Unfortunately, when it comes to CSIS, Canadians can expect very little transparency, a cause for additional concern when you recall Harper eliminated the position of the CSIS watchdog in 2012. The only overview of CSIS is handled by the Security Intelligence Review Committee (SIRC), a body comprised of part-time appointees with limited resources that assess CSIS operations after-the-fact.
I'm going to go out on a limb and say the Harper government doesn't want attention drawn to the deal it just signed with
There is a famous Chinese curse that goes "may you live in interesting times." The government ushered in some interesting
She ended her letter to the minister with a call to action: "It is vital for open and accountable government that, whatever the form of the entity, if it is carrying on public business, it should be subject to the [Freedom of Information and Protection of Privacy Act]." Two and a half years later, there is still no sign of action from the government.
According to our poll, 54 per cent of Canadians said they oppose giving special protections to EU firms, "similar to the protections American investors in Canada have as part of free trade with the U.S. [that] let them sue Canadian governments if they feel a government policy, including an environmental policy, unfairly affects their investment or profits in Canada."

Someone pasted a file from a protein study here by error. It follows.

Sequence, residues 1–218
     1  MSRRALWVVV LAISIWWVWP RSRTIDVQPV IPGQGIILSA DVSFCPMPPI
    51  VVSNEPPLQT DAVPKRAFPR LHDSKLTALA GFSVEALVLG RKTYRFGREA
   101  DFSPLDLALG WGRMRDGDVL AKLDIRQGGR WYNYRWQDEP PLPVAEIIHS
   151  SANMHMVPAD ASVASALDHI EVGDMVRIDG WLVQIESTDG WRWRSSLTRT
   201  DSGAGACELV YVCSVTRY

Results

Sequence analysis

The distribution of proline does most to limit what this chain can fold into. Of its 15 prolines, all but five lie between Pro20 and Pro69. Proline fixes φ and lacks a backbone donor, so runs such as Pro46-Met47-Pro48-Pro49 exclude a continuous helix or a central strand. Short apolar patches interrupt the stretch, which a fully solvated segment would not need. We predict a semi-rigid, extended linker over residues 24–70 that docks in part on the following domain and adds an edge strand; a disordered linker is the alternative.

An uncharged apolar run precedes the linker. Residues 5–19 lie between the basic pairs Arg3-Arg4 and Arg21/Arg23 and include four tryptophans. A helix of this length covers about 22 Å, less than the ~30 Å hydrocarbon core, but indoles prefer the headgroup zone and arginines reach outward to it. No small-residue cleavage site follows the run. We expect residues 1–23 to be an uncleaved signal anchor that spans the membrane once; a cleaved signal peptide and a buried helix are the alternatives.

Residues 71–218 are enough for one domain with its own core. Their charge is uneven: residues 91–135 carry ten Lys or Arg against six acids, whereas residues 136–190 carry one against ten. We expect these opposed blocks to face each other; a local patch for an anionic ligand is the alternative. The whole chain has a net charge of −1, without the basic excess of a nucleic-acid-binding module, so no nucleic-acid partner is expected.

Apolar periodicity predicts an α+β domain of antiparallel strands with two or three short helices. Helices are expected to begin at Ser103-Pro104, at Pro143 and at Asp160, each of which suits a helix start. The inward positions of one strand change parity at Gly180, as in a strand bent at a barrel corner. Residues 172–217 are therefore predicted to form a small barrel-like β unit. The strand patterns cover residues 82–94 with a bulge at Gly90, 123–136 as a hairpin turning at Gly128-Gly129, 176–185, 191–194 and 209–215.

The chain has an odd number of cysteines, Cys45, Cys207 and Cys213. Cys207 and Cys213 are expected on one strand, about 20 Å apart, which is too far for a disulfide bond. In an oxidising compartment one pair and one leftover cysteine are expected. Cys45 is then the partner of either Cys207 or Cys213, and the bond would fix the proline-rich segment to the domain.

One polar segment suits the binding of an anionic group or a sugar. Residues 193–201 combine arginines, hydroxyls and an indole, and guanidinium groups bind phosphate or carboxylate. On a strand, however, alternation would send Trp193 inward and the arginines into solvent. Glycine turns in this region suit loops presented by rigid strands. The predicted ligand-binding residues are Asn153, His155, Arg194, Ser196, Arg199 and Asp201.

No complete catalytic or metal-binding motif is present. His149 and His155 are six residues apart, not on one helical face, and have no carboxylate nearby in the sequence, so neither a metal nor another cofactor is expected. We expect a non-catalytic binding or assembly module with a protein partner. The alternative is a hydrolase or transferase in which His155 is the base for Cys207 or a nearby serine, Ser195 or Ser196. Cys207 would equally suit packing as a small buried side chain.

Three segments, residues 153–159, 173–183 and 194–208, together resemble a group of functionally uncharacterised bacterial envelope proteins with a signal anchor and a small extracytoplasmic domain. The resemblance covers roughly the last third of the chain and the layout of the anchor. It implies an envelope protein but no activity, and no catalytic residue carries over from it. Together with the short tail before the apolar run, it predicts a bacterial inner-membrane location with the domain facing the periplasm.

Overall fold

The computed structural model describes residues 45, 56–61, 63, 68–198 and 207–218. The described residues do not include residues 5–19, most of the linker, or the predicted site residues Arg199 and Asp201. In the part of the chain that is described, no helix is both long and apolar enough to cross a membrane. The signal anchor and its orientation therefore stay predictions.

The ID Card, known as the BC Services Card, has been rolling out since February, and it combines both the drivers license and the provincial health care card, with lots more to come. If you are concerned about the implications for our privacy and our pocketbooks, you should definitely put your opinions to the consultation panel -- but hurry: the deadline for submissions is Nov. 27.
Justin Trudeau can present a Liberal party that is stridently progressive on environmental and social policy, and on human rights and multiculturalism, while maintaining a strong commitment to entrepreneurship, innovation, and economic growth.
I received a number of comments on my recent column on the trade deal Prime Minister Harper signed with China; Some commenters
I'm proud of my country and would fight for her again, body willing. I know my brothers and sisters in arms feel the same way. Canada has never been conquered by a foreign power, but if this FIPA trade deal is ratified, it will commit us to sacrifice our precious resources without even having the right to fight.
On December 7, Prime Minister Stephen Harper approved the first two complete takeovers of Canadian-owned energy firms by foreign state-owned companies in our country's history. The Prime Minister used sleight of hand to trick Canadians into thinking these were "exceptional" cases, to be repeated only cautiously in the future. He appeared to close the door to ownership of the tar sands by companies controlled by foreign governments. But he didn't close it at all. He left it wide open and signaled to China, Malaysia and other countries that Canada's strategic energy resources were entirely for sale, not just to the highest bidder but to any bidder at all.